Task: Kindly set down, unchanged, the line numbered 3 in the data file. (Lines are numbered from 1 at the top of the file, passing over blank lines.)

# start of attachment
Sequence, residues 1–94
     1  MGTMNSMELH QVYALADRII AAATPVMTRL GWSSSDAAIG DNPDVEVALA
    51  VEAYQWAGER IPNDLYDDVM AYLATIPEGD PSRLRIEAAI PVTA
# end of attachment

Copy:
    51  VEAYQWAGER IPNDLYDDVM AYLATIPEGD PSRLRIEAAI PVTA